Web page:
PM not worried by Suzuki Motor exodus
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PM not worried by Suzuki Motor exodus

Srettha confident that commitment of major Japanese automotive players remains strong

Prime Minister Srettha Thavisin takes a samlor ride to the Lamphun provincial hall on Saturday. (Photo: Government House)
Prime Minister Srettha Thavisin takes a samlor ride to the Lamphun provincial hall on Saturday. (Photo: Government House)

Prime Minister Srettha Thavisin has expressed confidence that other auto manufacturers will not withdraw their production bases from Thailand, following the decision of Suzuki Motor Corporation to do so.

Suzuki said on Friday that it would close its 12-year-old plant in Rayong at the end of 2025, affecting 800 workers, as it wanted to focus on producing electric vehicles elsewhere.

Mr Srettha said on Saturday that the government still attached importance to the production of Japanese combustion engine vehicles. Meetings were held with major manufacturers, including Toyota, Honda, Isuzu, Mazda and Mitsubishi, to discuss the measures they need from the government, he said.

On Dec 17 last year, he also attended the Asean-Japan 50th anniversary meeting with executives of automotive industries operating in Thailand. The discussions reinforced their confidence to increase their investment in Thailand, he said.

“We respect the decision of Suzuki as its market share was relatively small and its car production may not fit with the demand in Thailand,” the premier said.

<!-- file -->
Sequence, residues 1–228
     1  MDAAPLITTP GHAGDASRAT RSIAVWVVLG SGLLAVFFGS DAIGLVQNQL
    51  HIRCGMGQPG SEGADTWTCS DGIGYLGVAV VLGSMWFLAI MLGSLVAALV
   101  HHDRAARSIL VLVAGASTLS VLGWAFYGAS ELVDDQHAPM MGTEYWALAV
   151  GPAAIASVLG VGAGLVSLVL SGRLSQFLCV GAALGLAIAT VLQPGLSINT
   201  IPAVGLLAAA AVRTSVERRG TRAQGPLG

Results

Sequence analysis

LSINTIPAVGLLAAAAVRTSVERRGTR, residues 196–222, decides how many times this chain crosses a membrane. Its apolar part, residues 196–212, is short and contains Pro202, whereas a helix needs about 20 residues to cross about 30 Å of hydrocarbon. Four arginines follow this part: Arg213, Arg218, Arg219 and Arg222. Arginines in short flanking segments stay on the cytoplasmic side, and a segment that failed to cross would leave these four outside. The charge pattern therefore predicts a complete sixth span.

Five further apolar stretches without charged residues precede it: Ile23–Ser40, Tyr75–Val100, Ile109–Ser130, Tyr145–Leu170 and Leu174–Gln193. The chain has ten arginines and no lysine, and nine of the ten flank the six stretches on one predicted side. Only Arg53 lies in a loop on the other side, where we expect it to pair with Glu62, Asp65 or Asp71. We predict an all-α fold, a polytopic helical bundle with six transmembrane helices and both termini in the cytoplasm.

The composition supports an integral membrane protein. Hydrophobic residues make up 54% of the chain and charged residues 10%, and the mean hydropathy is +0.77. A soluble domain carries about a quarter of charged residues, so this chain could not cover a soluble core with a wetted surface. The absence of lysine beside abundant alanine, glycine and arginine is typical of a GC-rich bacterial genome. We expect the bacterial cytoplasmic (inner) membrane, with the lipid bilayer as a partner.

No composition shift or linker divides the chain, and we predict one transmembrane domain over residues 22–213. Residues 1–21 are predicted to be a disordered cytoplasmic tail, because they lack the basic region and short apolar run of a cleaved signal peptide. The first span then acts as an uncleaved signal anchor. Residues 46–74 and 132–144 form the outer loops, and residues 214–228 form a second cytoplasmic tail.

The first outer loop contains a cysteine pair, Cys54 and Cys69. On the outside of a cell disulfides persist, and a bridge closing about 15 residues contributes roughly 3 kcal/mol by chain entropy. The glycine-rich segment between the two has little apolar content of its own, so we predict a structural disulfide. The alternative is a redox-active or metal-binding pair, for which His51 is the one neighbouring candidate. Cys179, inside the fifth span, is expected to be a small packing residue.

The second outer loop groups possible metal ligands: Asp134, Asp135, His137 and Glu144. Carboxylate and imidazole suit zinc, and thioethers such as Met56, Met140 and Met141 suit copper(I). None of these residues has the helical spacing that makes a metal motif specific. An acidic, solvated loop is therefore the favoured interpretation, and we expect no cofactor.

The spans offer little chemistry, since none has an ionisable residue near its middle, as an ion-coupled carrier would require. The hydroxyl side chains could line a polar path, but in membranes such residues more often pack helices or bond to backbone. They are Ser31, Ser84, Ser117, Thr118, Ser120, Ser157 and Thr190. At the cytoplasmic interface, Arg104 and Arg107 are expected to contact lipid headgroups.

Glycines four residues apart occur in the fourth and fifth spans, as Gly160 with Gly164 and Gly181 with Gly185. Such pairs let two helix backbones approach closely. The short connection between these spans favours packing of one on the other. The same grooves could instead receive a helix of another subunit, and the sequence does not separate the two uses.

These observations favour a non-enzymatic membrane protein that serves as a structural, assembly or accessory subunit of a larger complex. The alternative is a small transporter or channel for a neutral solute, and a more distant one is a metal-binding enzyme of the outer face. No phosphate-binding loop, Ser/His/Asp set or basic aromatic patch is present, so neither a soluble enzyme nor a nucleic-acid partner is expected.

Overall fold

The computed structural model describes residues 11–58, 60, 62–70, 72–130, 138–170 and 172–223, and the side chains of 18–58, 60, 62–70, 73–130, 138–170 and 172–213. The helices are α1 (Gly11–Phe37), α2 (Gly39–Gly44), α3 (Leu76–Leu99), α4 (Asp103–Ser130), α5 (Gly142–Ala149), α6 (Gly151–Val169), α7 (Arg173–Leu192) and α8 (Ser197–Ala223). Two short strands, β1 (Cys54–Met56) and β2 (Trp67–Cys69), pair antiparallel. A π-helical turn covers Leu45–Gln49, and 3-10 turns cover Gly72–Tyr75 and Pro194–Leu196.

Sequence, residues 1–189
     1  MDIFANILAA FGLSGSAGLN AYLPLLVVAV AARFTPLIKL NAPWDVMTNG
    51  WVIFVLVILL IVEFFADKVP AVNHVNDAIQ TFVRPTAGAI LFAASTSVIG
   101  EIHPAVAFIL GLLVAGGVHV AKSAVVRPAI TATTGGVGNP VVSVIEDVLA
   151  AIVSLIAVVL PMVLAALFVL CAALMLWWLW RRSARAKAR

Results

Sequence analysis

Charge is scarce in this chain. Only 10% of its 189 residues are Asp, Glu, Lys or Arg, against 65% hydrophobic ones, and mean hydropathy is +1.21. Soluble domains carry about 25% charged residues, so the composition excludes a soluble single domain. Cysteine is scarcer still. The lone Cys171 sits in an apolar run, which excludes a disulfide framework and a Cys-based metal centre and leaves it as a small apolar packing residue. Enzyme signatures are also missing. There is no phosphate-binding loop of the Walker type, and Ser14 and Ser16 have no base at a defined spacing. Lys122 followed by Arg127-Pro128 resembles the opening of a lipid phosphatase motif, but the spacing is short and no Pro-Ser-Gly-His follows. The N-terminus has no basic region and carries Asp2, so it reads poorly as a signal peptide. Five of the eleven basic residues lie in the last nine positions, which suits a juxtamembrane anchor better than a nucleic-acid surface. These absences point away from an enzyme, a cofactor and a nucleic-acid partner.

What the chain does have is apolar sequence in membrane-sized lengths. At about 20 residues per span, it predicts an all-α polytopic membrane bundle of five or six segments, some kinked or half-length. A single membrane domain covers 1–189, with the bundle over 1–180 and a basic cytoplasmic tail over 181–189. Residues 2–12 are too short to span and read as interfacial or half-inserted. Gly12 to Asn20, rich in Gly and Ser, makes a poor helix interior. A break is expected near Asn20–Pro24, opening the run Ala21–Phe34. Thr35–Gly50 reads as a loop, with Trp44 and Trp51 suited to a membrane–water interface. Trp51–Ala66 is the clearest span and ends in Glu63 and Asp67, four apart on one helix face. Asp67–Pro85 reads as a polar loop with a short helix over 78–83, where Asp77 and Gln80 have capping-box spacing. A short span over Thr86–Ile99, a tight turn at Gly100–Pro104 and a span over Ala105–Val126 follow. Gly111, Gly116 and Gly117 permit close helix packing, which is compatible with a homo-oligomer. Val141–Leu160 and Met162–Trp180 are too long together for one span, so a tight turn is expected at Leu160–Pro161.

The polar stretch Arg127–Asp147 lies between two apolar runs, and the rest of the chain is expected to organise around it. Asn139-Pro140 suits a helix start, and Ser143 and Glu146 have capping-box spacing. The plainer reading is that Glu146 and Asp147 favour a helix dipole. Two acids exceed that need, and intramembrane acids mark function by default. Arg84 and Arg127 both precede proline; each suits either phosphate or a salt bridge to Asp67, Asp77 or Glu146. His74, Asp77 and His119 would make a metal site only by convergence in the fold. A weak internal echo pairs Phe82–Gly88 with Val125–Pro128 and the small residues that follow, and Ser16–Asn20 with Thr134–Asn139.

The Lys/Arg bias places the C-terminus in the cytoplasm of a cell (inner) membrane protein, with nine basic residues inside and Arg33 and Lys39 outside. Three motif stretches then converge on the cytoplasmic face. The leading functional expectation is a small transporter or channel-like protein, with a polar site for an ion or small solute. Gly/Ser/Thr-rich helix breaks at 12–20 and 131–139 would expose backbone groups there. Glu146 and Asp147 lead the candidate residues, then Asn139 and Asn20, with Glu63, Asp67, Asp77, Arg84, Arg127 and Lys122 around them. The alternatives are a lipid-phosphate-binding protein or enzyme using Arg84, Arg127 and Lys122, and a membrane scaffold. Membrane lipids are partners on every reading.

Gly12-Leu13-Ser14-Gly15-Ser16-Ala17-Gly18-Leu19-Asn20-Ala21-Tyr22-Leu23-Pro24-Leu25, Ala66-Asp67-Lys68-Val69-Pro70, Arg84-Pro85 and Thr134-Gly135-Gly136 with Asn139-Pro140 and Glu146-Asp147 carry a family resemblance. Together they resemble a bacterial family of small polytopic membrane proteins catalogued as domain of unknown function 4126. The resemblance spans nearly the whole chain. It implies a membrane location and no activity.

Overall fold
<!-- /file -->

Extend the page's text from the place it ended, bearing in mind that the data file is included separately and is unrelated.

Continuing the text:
“Despite that, Suzuki continues to manufacture motorcycles and maintain service centres for parts and maintenance in Thailand.”

In a related development, the head of the Chachoengsao Labour Protection and Welfare Office expressed concern about the worsening labour situation in the province, with a significant number of vulnerable workers at risk of future layoffs.

In the automotive industry, which employs 39,321 workers in 137 workplaces, the growing electric vehicle (EV) market had led to decline and stagnation in the combustion engine vehicle industry, said Suwanna Khantivisit.

Isares Rattanadilok na Phuket, deputy chair of the Federation of Thai Industries, said low economic growth had forced the industry to mitigate risks.

Government policies, such as the minimum wage increase and the promotion of EV imports, have harmed the sector’s competitiveness.

The government, meanwhile, has failed to consistently provide support for domestic industries, leading to financial strain from rising interest rates, high fuel and electricity costs and recent minimum wage adjustments, he said.

In the first half of this year, said Mr Isares, 360 factories were shut down, with investment loss estimated at 9.4 billion baht.

This resulted in the termination of more than 10,000 workers, higher than the average of the past two years.

The number of factory closures may reach 700 if the 400-baht minimum wage goes into effect nationwide as some employers fear, as it could render some plants uncompetitive, Mr Isares said.

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